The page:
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Particle in a potential

  1. Mar 7, 2006 #1
    Particle of mass m moves in two dimensionas un der the influence of a potential V(x,y) = kxy where K > 0 (not a cetnral potential)

    a) Determine the momenta conjugate to the coordiante x,y of this system and Hamiltonian punction of this system (in terms of the coordiante and conjugate momenta). Explian whether the Hamilton is a constant of motion


    [tex] H = \frac{1}{2m} (p_{x}^2 + p_{y}^2} + kxy [/tex]

    wouldnt hte momenta simply be [tex] p_{q} = m\dot{q}[/tex] where q is a coordinate?
    well the Hamitlon doesnt dependa on timte epxlicitly so it is constnat of motion

    so far so good?

    thank you for ANY help
     
  2. jcsd
  3. Mar 7, 2006 #2
    q is a generalized coordinate and so will not always have units of distance. So p is not automatically m(dq/dt). In general:
    [tex]\dot p_j=-\frac{\partial H}{\partial q_j}[/tex].

    Yes, if H has no explicit time dependence, then H is a constant of the motion.

    -Dan
     
  4. Mar 7, 2006 #3

    so do i use the lagrangian which is L = T-V to get the Hamiltonian

    doing that yielded
    [tex] H = \frac{1}{2} m \dot{x}^2 - \frac{1}{2} m \dot{y}^2 + kxy [/tex]
    if i did it for x and x dot
    the signs of the first tow terms were switched when i did it for y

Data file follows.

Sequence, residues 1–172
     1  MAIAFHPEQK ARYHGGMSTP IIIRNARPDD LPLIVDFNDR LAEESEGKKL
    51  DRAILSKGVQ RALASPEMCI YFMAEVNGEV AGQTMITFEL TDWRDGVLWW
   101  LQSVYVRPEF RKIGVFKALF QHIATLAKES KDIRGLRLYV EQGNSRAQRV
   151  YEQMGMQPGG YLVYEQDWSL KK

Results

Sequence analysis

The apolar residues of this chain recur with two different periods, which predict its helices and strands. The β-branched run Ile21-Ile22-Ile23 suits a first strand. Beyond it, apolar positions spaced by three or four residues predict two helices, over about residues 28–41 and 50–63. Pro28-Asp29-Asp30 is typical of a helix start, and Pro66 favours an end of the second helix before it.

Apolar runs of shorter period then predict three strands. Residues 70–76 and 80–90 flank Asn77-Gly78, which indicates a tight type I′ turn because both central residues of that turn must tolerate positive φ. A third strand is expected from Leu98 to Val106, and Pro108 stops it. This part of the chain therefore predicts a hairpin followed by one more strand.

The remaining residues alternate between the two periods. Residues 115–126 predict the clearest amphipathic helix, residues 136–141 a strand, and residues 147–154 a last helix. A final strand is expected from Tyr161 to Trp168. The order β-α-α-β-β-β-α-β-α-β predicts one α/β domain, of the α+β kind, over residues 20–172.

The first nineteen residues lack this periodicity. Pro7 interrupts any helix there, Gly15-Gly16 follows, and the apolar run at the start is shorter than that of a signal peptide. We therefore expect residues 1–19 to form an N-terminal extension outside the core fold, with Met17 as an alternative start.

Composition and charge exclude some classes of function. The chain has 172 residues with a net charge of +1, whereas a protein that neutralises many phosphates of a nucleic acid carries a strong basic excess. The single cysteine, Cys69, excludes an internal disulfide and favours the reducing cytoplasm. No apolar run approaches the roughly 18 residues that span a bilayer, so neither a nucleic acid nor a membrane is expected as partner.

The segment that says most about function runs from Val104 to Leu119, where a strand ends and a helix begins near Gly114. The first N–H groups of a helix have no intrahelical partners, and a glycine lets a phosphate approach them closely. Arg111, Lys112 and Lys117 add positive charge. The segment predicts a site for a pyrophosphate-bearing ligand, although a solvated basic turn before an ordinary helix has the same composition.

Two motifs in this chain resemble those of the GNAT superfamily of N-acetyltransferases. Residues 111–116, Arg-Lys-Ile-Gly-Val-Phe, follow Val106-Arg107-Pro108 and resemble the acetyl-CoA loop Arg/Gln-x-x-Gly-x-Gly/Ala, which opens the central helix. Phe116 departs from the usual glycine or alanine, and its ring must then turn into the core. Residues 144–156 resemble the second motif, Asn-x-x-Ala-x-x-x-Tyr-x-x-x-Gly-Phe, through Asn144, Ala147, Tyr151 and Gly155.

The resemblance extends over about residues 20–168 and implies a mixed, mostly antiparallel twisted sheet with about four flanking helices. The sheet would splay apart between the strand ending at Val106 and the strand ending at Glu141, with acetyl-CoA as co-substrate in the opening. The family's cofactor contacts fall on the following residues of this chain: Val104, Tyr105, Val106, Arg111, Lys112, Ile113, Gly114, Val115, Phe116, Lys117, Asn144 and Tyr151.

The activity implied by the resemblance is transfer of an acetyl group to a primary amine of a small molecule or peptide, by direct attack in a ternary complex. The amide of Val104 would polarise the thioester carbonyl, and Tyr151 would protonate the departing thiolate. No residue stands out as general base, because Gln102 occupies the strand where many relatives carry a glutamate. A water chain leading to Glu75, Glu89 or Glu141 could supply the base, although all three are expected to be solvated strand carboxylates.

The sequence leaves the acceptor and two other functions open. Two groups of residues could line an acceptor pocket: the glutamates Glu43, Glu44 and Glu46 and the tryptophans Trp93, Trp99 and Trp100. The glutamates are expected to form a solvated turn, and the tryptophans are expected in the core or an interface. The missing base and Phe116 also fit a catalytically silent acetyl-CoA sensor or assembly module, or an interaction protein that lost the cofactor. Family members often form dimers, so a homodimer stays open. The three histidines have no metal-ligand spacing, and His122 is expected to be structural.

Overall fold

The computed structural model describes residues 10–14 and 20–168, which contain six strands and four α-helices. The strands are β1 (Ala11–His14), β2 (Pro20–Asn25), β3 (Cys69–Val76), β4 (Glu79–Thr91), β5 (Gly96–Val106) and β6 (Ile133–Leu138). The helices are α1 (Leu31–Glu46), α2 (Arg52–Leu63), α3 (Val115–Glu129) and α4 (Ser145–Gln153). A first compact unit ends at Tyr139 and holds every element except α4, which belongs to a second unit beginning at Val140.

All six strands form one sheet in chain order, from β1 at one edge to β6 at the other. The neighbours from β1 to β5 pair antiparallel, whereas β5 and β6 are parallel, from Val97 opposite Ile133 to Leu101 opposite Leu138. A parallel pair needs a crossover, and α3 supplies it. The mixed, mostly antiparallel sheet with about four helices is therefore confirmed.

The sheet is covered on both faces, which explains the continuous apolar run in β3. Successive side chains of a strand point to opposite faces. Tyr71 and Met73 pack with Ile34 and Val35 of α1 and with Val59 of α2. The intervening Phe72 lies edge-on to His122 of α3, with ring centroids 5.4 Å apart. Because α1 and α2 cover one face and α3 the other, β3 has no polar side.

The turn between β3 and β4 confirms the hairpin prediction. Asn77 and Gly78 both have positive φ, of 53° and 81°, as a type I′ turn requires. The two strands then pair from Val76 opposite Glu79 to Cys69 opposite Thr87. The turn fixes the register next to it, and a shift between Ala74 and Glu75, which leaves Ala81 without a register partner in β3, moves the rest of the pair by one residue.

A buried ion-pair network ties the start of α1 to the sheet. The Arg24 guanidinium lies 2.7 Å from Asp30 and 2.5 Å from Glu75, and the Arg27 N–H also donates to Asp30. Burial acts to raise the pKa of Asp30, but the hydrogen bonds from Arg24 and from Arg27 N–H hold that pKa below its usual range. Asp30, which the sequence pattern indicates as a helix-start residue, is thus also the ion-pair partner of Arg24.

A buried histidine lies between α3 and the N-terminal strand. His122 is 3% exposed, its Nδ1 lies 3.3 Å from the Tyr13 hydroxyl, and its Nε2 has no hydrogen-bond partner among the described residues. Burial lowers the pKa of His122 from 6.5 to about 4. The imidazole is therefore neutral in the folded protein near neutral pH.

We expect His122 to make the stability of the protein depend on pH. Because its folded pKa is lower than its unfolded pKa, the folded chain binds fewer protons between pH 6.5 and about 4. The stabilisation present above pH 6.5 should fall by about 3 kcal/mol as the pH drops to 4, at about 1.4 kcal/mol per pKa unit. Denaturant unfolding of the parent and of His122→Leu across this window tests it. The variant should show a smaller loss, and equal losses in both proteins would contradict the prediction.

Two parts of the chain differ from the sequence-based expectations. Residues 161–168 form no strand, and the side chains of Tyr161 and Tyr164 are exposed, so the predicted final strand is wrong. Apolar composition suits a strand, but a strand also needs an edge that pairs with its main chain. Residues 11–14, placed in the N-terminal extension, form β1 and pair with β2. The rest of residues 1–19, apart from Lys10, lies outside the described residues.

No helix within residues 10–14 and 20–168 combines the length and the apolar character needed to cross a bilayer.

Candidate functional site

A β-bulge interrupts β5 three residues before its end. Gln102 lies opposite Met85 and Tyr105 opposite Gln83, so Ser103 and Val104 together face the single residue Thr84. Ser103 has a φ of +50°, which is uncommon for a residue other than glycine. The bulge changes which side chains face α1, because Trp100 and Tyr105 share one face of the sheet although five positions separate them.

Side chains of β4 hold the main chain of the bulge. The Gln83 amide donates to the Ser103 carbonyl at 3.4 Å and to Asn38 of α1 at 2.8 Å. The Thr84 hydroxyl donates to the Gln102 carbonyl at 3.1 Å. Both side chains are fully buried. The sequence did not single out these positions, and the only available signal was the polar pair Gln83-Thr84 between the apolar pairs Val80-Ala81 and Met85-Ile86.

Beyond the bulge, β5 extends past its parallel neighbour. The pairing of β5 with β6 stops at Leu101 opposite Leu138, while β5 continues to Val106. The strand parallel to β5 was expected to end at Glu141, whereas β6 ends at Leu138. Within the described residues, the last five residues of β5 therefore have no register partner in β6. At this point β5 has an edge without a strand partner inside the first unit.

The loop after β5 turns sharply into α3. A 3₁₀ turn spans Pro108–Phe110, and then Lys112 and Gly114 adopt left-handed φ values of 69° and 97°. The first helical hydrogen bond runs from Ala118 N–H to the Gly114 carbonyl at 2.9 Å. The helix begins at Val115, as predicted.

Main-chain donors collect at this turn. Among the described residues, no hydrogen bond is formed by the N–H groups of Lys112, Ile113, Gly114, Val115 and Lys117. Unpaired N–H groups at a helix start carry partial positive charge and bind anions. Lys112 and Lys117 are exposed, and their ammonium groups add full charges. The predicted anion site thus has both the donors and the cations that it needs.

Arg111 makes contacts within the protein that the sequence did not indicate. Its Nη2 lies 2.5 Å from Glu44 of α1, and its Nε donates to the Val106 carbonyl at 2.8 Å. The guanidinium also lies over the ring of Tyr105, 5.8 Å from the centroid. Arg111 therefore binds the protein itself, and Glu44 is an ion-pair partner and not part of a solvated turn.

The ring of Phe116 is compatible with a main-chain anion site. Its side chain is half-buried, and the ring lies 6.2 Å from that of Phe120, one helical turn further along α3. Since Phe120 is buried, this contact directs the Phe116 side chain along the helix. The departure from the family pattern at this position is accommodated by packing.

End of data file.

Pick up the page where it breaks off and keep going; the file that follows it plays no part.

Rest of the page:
5. Mar 7, 2006 #4
    Are you looking for the mechanical linear momentum or the canonical momentum? If the later then obtain the Lagrangian for this system from the Hamiltonian. Express all varibles in terms of generalized velocities. From this you can take the partial derivative of the Lagrangian with respect to the generalized velocity conjugate to the appropriate coordinate.

    That should give you enough to start. It may be a bit difficult for you to do this transformation (Which I believe is called an inverse Legendre transformation), Good luck.

    Pete
     
  6. Mar 7, 2006 #5
    i am loking for hte canonical momentum (i think) but i dont believe we have touched on inverse legendre tranformations

    however
    [tex] L = \frac{1}{2} m\dot{r}^2 - kxy [/tex]
    where r(t) = (x(t),y(t))

    right?
    so do i do
    [tex] H = \dot{r} \frac{\partial L}{\partial \dot{r}} - L [/tex]??

    but what about hte x and y?
     
  7. Mar 8, 2006 #6
    That is correct. The hint to that is that they asked for the momentum conjugate to x and y. That means that canonical momentum.
    Its a tricky buisness in general but in this case its a snap. You have the kinetic energy and the potential energy. You must have the Lagrangian expressed in terms of vx and vy. The Lagrangian is

    [tex]L = \frac{1}{2m}\dot{x}^2 + \dot{y}^2 - kxy[/tex]

    Now use the definition of conjugate momenta

    [tex]p_x = \frac{\partial L}{\partial \dot{x}}[/tex]

    [tex]p_y = \frac{\partial L}{\partial \dot{y}}[/tex]

    Good luck and let me know if you have more quetions. It'd be good for you to look up the term "Legendre transformation" in a classical mechanics text such as Goldstein's.

    Pete
     
    Last edited: Mar 8, 2006
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